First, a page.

A Vicarious Participation in The Pedestrian and Bicycle Master Plan Open House

Partcipants write ideas for improvements on city maps
Two participants discuss the merits of having everyone wear matching Eugene Pedicab hats.

If you missed last Friday’s Ped and Bike Master Plan open house, you really missed out on a lot of fun.  Estimates put the attendance around 70 participants, which helped create a party-like atmosphere full of innovative discussions about fancy new ideas and treatments.

You can still participate in the process on the website, by attending the project advisory committee meeting Oct 25th, by attending the next open house in March, and by coming to the Transportation Remix panel discussion this Friday (There will be beer!)

While all these are great options, they don’t quite give you the experience of attending the event.  This is sad, because it was fun and informative, and full of ideas aimed at increasing cyclist ease and ridership numbers (despite what some negative bloggers who didn’t attend the event would have you believe).

In order to give you a full understanding of the night I will now pass the narrative over to the wonderful George Nellis, a newspaper man who rode his 52 inch “Ordinary” bicycle from New York to San Fransisco in 72 days back in 1887, shattering the previous record by two weeks.  I figure if we are going to live vicariously through anyone, George is a pretty good choice.  Other than being a way bigger bad-ass than me, George’s experience – albeit fictional – was that of going to the open house completely unexposed to much of the innovative infrastructure being proposed – which presents a much more common experience than my policy-wonk steeped experience.  (Kendra says that this entire idea is rather contrived, which is true, but I’ve decided I don’t care.)

Take the jump to start the adventure (and view a PDF of the materials in case you missed it).

Hey folks, George here.  I attended this open house because I am an avid cyclist –  I can use that term because it wasn’t cliche yet back in late 1800’s – and because I wanted to give some input into how I think this city could improve its bicycle infrastructure.  Sure, we have a 10.8% cyclist mode share, but I’d like Eugene to be the first US city to reach 25%!  Remember, the original paved roads from back in my day were created for bicycles, not automobiles.

I read in a flier that “the vision of the Eugene Pedestrian and Bicycle Master Plan is to increase the share of trips Eugene residents make by walking and bicycling for transportation and recreation by making walking and bicycling safe, convenient, and comfortable.”  It sure seemed like I was in the right place.

The first thing that struck me when I arrived was that they had provided indoor bike parking.  Nothing makes a person feel more welcome than that!

Early bike parking at the event, it become much more packed
Indoor bike parking, this got packed!

This picture was taken early in the event, and eventually this entire area was full of bikes.  I didn’t take a picture of the packed parking because at that point in the night I was too busy wondering why they bothered providing coffee it all they were going to have was decaf.  It’s not that the event was boring, but I really like coffee.  Real coffee.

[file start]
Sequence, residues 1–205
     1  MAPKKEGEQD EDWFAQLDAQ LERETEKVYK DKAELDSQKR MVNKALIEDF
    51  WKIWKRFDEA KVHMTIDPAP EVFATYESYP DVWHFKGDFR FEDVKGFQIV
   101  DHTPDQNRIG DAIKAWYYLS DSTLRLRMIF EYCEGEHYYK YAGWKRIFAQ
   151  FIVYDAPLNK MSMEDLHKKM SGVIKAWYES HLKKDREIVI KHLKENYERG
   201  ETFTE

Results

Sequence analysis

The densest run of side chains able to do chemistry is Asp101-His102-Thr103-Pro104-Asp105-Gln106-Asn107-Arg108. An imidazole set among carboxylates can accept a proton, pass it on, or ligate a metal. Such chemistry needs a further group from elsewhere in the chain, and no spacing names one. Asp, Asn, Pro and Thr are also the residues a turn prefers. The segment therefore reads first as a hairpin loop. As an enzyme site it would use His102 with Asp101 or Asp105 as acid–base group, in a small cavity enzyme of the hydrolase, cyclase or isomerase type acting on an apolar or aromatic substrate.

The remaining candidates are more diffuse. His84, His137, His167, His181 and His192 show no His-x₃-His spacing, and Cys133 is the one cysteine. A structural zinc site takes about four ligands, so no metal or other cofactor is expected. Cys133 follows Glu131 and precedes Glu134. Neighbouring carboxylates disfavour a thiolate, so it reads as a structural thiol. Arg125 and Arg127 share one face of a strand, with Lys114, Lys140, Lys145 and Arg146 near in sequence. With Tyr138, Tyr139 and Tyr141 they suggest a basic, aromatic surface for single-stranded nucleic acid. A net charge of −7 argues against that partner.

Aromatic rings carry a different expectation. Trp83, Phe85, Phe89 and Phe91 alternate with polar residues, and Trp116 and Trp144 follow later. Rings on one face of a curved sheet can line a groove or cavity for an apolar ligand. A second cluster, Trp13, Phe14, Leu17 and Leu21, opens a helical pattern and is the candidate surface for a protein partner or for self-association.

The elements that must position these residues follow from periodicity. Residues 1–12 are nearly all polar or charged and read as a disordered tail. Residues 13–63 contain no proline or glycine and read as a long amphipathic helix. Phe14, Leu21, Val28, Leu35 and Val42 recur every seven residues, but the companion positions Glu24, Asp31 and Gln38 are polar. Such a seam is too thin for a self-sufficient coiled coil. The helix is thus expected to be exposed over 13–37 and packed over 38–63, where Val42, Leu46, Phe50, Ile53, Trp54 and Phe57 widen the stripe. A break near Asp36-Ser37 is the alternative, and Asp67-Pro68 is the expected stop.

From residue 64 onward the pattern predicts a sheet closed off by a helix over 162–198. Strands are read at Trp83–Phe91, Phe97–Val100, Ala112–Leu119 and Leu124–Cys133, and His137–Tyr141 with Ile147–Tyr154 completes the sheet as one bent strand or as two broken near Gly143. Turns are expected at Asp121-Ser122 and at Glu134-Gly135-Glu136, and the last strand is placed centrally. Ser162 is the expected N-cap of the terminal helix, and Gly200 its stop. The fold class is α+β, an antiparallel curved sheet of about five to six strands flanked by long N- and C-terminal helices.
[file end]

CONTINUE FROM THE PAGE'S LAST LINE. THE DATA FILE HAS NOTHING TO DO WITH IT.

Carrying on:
Anyways, after parking my bike I was greeted at the sign-in table by non-other than InMotion writer and Smart Trips coordinator Lindsay Selser.  At this table was a ton of great information about the ped/bike plan process, bike maps, and a rather gigantic comment card (pdf) that included a large map so I could tell the city exactly what I wanted done.

The sign-in
I think Lindsay is dancing...

After stopping at the desk and picking up a comment card, I looked around the room and gathered that there was a general order that I was supposed to follow.  Being an old-fashioned orderly and compliant person, I headed over to the first set of posters which explained the project’s idea of the current conditions relating to bicycling and walking in various areas of Eugene and Bethel.  (You can view these posters in the PDF at the bottom of this post.)

"current state" boards
Current Conditions

I noticed that there was a spot on my rather gigantic comment card (pdf) to indicate if I agreed or disagreed with their assessment, and to make corrections. Having participated a little during the City’s original call for input back in August, I felt that their assessment was in line with my observations. This left me a little uneasy, however, but I wanted to give opinions, AND I WANTED TO GIVE THEM NOW!

In a rather creepy prediction of my childlike tantrum, the next step in the open house journey provided me a very satisfying and lucrative chance to throw my opinions around unhindered.  They provided me with a gigantic post-it note and a big fat marker!  Gone were the days when use of such implements was reserved for teaching reading to kindergartners and diagramming football plays – now the power was in my hands!

There were lots of opinions
"What do you think about existing conditions?"

Not only was this method of providing feedback fun because I got to sniff the markers, but this also gave participants the ability to comment on each-other’s ideas.